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Singapore is on the way to blockchain-based digital KYC

Igor Pesin, Life.SREDA VC

In “Identity is the New Money”, Dave Birch, a founding director of the specialist consultancy Consult Hyperion, lays out the extraordinary change in how we think about both identity and money that new technologies — especially mobile phones — are making possible. “We need intermediaries to manage, and money is one of them. If, however, technology gives us back that shared memory, then we don’t need intermediaries to enable transactions. It becomes what some people call a “reputation economy”.” And this reputation can be broken if we can’t create new tech advanced solutions to keep our personal data really safe.

Regarding “identities” and “reputation” – the initial drama over Equifax’s September data breach has mostly subsided, but the actual damage will play out for years. The company announced Monday that the total number of people impacted by its breach is not 143 million—the amount it first disclosed—but in fact 145.5 million. Do we really need Equifax (Experian, Transunion, etc) if they are not protecting our data? They are doing poor job of keeping our personal data safe.

Putting consumers back in control of their financial data

Recently in Singapore OCBC, HSBC and MUFG teamed up with the IMDA to complete a proof-of-concept (POC) on ASEAN’s first Know Your Customer (KYC) blockchain. This development raises the possibility of using blockchain technology to make one of the most complex and highly-regulated of financial processes more efficient and secured, thereby combating anti-money laundering (AML) and the financing of terrorism (CFT).

The existing KYC process consists of submitting a set of identification documents each time an individual or corporate customer starts a new relationship with a bank. New relationships include opening an account, applying for a credit facility or buying an insurance policy.

Currently, KYC is conducted individually by banks, requiring customers to provide the same information to different institutions. It is a manual and paper-based process that can take weeks, as resources are spent validating multiple physical documents to ascertain the identity of the customer. This is laborious and inefficient for both the bank and the customer. The manual process also gives rise to inconsistent information being collected by banks, and customer information not being promptly updated.

The KYC blockchain – running on a Distributed Ledger Technology (DLT) platform which enables structured information to be recorded, accessed and shared across a distributed network using advanced cryptography – allows banks to collect, validate and share customer information – with the customer’s consent – accurately, efficiently and in a secured manner. This vastly reduces the duplication of information and manual checks for both banks and customers, while enhancing the quality of the customer information that is stored.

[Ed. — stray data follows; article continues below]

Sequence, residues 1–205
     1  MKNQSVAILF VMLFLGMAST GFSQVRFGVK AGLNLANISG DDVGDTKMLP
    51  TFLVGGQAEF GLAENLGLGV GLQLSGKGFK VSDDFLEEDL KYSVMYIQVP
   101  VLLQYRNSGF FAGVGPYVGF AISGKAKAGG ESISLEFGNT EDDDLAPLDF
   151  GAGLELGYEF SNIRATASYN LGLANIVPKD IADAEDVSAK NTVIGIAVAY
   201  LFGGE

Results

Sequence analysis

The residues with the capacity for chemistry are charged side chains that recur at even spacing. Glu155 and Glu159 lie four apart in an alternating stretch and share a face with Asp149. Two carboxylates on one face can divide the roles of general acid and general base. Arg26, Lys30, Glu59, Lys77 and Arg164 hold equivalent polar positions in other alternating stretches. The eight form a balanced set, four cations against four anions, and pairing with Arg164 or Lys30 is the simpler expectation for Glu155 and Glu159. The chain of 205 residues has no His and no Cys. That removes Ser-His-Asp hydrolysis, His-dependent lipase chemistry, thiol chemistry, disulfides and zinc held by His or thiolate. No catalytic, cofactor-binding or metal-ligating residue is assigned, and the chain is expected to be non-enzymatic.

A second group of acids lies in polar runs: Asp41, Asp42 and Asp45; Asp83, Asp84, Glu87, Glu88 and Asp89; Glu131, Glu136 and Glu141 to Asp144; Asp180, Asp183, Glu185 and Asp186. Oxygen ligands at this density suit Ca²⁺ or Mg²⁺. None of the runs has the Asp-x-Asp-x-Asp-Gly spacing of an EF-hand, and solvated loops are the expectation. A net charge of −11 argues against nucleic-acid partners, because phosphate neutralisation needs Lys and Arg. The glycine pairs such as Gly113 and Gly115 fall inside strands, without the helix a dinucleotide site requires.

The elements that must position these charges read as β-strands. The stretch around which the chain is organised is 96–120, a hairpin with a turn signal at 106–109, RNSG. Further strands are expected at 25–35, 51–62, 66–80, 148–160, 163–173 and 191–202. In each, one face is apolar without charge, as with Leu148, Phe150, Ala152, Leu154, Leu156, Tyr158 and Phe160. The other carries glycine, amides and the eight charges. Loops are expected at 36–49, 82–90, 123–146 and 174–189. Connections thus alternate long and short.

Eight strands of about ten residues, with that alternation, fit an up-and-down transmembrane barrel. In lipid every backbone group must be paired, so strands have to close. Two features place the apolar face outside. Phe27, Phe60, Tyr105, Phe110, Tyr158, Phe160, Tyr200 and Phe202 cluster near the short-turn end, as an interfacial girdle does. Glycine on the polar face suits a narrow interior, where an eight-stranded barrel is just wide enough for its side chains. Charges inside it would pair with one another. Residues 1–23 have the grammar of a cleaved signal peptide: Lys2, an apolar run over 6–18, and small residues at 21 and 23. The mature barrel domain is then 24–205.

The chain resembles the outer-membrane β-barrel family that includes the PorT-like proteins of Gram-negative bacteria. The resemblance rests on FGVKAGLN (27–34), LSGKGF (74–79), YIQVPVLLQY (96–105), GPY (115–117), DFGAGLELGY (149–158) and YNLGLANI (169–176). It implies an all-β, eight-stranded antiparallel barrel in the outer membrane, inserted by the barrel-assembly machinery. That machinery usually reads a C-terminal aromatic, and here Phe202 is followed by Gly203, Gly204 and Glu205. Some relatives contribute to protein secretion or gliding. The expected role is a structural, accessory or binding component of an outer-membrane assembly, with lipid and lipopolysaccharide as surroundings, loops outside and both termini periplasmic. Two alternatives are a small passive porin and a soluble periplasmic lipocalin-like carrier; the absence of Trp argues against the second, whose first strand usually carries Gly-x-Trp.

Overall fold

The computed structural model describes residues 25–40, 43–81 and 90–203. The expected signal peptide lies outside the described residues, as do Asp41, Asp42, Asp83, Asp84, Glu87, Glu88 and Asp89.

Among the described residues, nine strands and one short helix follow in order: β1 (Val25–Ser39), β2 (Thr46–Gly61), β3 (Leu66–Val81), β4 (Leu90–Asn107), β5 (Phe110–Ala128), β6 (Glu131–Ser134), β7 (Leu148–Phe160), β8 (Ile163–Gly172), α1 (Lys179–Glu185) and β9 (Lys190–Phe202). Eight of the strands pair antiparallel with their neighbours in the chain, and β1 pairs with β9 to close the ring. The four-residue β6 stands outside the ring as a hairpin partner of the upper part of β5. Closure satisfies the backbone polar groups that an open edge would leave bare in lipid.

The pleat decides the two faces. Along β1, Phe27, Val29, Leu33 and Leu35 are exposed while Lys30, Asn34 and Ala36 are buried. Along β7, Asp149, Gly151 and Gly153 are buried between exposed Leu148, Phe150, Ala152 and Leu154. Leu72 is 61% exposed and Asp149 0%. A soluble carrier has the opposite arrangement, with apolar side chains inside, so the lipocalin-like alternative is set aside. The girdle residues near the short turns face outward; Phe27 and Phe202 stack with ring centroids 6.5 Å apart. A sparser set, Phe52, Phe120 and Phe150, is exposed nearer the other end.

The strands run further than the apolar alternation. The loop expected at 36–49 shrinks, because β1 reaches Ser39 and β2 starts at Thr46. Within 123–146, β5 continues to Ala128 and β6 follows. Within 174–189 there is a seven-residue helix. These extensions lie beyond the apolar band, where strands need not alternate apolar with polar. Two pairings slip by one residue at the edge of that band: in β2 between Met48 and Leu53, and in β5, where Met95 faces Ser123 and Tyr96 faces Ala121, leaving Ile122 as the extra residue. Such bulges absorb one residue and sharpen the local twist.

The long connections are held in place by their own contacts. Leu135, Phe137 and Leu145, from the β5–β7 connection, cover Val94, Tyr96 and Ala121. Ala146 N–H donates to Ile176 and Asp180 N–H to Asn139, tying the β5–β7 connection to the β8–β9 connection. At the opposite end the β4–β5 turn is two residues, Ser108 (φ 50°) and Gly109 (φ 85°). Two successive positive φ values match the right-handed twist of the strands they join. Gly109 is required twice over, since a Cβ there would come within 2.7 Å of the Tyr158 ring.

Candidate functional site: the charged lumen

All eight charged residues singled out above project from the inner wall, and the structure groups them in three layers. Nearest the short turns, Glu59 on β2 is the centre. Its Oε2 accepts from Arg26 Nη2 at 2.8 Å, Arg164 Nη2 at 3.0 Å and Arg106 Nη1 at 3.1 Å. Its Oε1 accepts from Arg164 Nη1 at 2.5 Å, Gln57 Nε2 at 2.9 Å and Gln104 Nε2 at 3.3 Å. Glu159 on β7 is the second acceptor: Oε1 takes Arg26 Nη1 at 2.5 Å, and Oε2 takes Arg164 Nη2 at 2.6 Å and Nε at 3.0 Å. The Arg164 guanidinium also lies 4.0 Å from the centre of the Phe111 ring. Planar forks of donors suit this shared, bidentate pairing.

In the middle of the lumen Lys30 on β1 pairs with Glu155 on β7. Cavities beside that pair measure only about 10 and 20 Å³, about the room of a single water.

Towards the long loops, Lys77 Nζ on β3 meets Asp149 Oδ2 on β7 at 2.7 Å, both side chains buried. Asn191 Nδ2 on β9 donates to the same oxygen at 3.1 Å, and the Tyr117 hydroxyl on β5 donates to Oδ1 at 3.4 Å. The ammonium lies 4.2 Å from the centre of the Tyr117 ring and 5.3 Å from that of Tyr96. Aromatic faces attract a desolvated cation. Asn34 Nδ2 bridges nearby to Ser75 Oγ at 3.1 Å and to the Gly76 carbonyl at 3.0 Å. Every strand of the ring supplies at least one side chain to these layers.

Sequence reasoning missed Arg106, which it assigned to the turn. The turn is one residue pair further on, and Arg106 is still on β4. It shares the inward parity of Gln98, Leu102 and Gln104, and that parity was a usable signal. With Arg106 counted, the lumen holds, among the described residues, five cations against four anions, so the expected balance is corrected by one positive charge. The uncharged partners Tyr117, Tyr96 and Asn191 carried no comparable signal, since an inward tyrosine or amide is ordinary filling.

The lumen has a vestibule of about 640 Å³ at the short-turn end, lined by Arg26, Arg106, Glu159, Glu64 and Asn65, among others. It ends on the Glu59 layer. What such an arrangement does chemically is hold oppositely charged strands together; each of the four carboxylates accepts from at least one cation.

Customers’ information encrypted on the shared ledger can be easily validated by referring to government registries, tax authorities and credit bureaus. Banks can also store secured digital records of the validation process on the shared KYC platform to streamline auditing and regulatory reporting.

The prototype’s performance was tested between February and May 2017 for its functionality, scalability and security. It remained stable even with a high volume of information flow, was resistant to tampering by third parties and maintained confidentiality by permitting access to the ledger’s information only with legitimate authentication.

Mr Tan Kiat How, Chief Executive, Infocomm Media Development Authority commented this news: “IMDA supports the ambitious use of technologies to transform businesses and create value to citizens. This willingness to experiment is crucial in achieving our vision of a dynamic Digital Economy for a Smart Nation. Revamping the KYC process using blockchain technology is one such example. We are heartened that financial institutions are developing innovative Fintech solutions to improve productivity and deliver a better experience to their customers.”

Digital KYC\AML is very important problem not only for fintech in general, but for crypto-community and ICOs specifically. Bitcoin and ICOs had been in trouble since the beginning of the year, when several central banks banned ICOs or ordered exchanges to halt virtual-currency withdrawals until they could identify their customers (KYC, AML, “source of funds”). Anson Zeall, the head of Singapore’s Cryptocurrency and Blockchain Industry Association, or Access, said his organization had heard from 10 companies which had encountered problems with their banking relationships in Singapore. The banks didn’t give a reason for their action, Zeall added. Chia Hock Lai, president of the Singapore Fintech Association, said some of his organization’s members also experienced account closures.

Last week BAASIS ID, blockchain-based digital KYC solution from Singapore, has become the winner of startup-battle Slush Singapore. This is an online only solution, which verifies the first and last name, passport, checks against international blacklists of people involved in money-laundering, criminal or terrorist activity, verifies the mobile number, bank card, residence address, profiles in social networks, and also makes and stores a video record to confirm personal filing, as well to compare the image with a photograph in the passport and social networks. The contract for the transfer, processing, storage, and exchange of this information with your service is signed by an individual with an electronic signature, and this contract is also always available to all participants of this process. The product has already been tested by the first international customers, has been approved by Monetary Authority of Singapore and Data Protection Authority of Singapore, and is currently before regulators in other countries.